So, commercially, Intolerance was a failure, but to me a tremendous triumph, an exaltation of the mind and spirit and imagination. Little else that Griffith did gave me the same quality of delight. The Birth of a Nation seemed overtly racist; I found the luscious hatred with which Griffith filmed the attempted rape of a white girl by a black man unacceptable. Not much of his later work was important, though the honest, serious, young face of Richard Barthelmess forcing his way through some rich eaves of corn in Way Down East is a memory of some beauty.

Comments: Harold Hobson (1904-1992) was a renowned theatre critic. His childhood was spent in Sheffield. The films he recalls are Kent the Fighting Man (UK 1916 d. A.E. Coleby), The Exploits of Elaine (USA 1914), The Perils of Pauline (USA 1914), Ultus and the Grey Lady (UK 1916 d. George Pearson), Ultus, the Man from the Dead (UK 1915 d. George Pearson), A Daughter of the Gods (USA 1916 d. Herbert Brenon), Intolerance (USA 1916 d. D.W. Griffith), The Birth of a Nation (USA 1915 d. D.W. Griffith) and Way Down East (USA 1920 d. D.W. Griffith). The lameness to which he refers was caused by polio, which afflicted him at the age of seven. The recollection of John Martin Harvey refers to the stage production The Only Way (an adaptation of Charles Dickens’ A Tale of Two Cities).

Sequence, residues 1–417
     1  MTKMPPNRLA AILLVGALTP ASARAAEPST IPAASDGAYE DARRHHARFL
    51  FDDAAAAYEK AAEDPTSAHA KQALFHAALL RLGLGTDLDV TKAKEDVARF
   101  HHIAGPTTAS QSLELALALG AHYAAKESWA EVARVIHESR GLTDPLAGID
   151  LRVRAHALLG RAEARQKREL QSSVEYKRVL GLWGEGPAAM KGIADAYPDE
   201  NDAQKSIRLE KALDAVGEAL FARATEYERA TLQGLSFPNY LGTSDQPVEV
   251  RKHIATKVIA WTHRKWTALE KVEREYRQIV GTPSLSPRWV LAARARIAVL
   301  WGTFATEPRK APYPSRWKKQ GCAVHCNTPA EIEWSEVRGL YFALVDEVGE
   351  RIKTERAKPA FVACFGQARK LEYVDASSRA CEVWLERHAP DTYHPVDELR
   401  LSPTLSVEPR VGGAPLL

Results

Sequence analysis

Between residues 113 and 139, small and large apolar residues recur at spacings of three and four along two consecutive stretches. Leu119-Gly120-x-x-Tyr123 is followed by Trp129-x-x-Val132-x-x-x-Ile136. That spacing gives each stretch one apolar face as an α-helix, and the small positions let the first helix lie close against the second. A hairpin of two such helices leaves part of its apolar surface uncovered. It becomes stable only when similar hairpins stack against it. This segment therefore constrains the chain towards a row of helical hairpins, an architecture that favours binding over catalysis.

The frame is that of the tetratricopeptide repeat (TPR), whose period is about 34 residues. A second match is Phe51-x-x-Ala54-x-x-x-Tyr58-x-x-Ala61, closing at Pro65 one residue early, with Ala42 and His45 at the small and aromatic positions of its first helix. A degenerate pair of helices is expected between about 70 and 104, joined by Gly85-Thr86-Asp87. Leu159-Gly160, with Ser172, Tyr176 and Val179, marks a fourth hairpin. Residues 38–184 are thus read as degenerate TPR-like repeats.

Words

Source: Jean-Paul Sartre, Words [Le Mots] (London: Penguin, 2000 – orig. pub. 1964), translated by Irene Clephane, pp. 75-79

Text: I challenge my contemporaries to tell me the date of their first experience of the cinema. We entered blindly into a traditionless century which was to contrast sharply with the others by its bad manners, and the new plebeian art anticipated our barbarism. Born in a robber’s cave, classified by the authorities along with travelling entertainers, it had certain vulgar qualities which shocked serious people; it was an amusement for women and children. My mother and I adored it, but we hardly ever thought about it and we never mentioned it: do you mention bread if there is plenty of it? When we became aware of its existence, it had long since become our major need.

On rainy days, Anne-Marie would ask me what I wanted to do, and we would hesitate a long while between the circus, the Châtelet, the Maison Électrique, and the Musée Grévin; at the last moment, with deliberate casualness, we would decide to go to a picture theatre. My grandfather would appear at the door of his study when we opened the door of the flat; he would ask: ‘Where are you children off to?’ ‘To the cinema,’ my mother would say. He would frown and she would add hastily: ‘To the Panthéon cinema, it’s very near; we only have to cross the rue Soufflot.’ He would let us go with a shrug; the following Thursday, he would say to Monsieur Simonnot: ‘Look here, Simonnot, you’re a sensible fellow, can you understand this? My daughter takes my grandson to the cinema!’ and Monsieur Simonnot would say in a conciliatory tone: ‘I’ve never been but my wife sometimes goes.’